I enjoyed this novel of the Russian Revolution, though it was a bit slow to start. It is a novel of the power of the cinematic vision to fool a people and society in general and of the use of symbols to achieve an end. In this case, the use of propaganda is used to help bring to power the Bolsheviks under Lenin, and then to the ensure the pre-eminence of Stalin. Didn't know some of the murkier bits about Tolstoy, so that was fascinating, and the idea that Lenin may have been embalmed before he w ...more
A deeply intriguing fictional account of the evolution of Soviet Russia, the art of cinema and the nature of propoganda. While telling the story of an accidental encounter between a budding filmmaker and the leadership of the Bolshevik cabal, Kalfus takes the reader on a slightly slant contemplation of the nature of history, the true nature and role of art and the power of images as opposed to 'fact'.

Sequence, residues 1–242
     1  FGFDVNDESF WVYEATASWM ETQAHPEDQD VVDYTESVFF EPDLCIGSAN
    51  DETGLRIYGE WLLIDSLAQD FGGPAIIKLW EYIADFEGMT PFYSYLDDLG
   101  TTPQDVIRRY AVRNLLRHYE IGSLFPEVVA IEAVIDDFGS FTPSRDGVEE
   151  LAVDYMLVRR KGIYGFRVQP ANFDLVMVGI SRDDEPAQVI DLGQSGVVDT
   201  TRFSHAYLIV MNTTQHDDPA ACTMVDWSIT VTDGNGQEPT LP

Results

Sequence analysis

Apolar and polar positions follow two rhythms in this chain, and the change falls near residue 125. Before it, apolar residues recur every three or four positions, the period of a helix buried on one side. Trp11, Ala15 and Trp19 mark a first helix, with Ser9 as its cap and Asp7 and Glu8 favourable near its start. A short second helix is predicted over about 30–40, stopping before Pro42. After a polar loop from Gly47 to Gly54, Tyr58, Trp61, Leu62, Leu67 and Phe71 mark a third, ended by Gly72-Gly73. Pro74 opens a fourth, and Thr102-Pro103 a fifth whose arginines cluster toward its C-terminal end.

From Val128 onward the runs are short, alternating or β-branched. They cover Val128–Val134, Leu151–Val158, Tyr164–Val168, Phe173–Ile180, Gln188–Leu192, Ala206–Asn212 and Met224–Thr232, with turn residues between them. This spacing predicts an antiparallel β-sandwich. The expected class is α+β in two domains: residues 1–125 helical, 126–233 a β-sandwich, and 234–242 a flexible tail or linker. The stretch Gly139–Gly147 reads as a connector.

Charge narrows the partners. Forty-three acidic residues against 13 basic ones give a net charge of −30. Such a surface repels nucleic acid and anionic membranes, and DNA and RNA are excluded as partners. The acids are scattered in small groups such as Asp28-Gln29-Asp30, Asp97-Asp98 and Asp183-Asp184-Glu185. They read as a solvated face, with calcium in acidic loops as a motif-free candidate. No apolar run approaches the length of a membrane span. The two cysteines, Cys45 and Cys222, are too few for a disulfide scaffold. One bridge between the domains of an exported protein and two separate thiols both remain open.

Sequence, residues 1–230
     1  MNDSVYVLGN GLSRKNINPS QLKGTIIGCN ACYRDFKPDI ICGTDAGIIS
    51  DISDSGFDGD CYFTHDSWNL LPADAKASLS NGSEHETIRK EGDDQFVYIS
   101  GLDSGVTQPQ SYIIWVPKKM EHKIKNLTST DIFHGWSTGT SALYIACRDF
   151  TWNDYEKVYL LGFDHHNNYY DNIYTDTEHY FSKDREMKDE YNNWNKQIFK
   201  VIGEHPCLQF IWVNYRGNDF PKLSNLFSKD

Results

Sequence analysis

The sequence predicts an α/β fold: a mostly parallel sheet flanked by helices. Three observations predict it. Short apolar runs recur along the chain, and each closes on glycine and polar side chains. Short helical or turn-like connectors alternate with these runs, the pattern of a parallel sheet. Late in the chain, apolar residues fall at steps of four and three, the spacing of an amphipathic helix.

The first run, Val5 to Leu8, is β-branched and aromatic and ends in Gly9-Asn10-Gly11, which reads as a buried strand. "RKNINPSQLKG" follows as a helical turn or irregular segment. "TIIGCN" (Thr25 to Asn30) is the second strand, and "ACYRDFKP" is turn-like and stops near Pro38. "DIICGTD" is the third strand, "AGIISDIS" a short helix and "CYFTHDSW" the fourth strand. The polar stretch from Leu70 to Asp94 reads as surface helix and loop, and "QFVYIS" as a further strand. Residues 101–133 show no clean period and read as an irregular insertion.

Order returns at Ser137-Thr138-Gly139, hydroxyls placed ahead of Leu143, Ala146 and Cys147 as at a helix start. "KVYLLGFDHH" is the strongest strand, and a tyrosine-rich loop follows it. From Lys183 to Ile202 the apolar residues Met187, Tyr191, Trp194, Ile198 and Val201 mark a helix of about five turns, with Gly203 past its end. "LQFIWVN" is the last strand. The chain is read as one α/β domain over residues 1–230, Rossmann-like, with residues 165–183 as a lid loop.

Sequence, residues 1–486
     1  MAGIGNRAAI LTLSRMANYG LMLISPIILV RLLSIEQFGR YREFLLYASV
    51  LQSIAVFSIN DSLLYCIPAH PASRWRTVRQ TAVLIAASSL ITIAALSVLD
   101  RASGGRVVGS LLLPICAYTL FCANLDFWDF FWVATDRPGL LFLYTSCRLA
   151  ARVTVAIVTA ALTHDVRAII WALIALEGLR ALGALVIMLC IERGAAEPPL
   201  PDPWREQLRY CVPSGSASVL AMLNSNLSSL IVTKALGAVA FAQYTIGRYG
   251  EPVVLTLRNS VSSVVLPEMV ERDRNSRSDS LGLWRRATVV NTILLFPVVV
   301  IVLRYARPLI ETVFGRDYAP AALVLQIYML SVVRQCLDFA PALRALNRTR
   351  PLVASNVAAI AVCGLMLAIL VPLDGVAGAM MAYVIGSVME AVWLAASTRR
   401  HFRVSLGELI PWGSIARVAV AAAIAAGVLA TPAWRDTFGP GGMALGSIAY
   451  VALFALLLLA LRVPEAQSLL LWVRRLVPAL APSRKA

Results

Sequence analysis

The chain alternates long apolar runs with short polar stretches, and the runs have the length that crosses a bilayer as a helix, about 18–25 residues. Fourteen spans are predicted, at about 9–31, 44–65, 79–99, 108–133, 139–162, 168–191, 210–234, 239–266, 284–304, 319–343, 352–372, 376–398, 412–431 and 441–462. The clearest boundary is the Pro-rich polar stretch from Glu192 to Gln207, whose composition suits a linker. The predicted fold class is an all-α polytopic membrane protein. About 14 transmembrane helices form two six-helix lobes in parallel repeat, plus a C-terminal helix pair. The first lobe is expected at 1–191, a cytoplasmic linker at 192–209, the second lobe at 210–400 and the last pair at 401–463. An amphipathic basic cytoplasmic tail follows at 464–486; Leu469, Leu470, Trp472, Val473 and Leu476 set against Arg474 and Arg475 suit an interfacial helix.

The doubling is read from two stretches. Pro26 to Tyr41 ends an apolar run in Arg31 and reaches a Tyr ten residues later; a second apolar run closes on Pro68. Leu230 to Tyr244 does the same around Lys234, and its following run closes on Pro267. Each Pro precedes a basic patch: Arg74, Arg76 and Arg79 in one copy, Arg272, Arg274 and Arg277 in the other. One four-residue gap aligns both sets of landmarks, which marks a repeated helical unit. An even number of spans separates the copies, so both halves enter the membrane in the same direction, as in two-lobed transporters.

Daniel Kukwa
Mar 31, 2013 rated it really liked it  ·  review of another edition
Shelves: general-lit
The second half of this novel becomes more and more an abstract, halluciogenic exercise in Communist insanity...but it's never less than compelling. Terrifying and tragic, with large dollops of black humour mixed with violence -- in other words, Russian history & literature in a nutshell. A surprisingly satisfying random pick at the bookstore once again yields dividends.
Jennifer  Sciolino-Moore
I really tried with this one. After a month of stops and starts though, I had to put it down. The narrative was disjointed, and even 150 pages in, the story was no closer to being told than on page one. I haven't rated it because I didn't read the whole thing, and maybe there is someone out there who "gets" it. That person isn't me. Blech.
Jun 22, 2008 rated it liked it  ·  review of another edition
This book is certainly well-written, entertaining and thought-provoking -- an insightful meditation on abuses of art for ideology -- but in the end, I thought it suffered a bit from the problem of many overtly "political" novels -- the message is more memorable than the characters.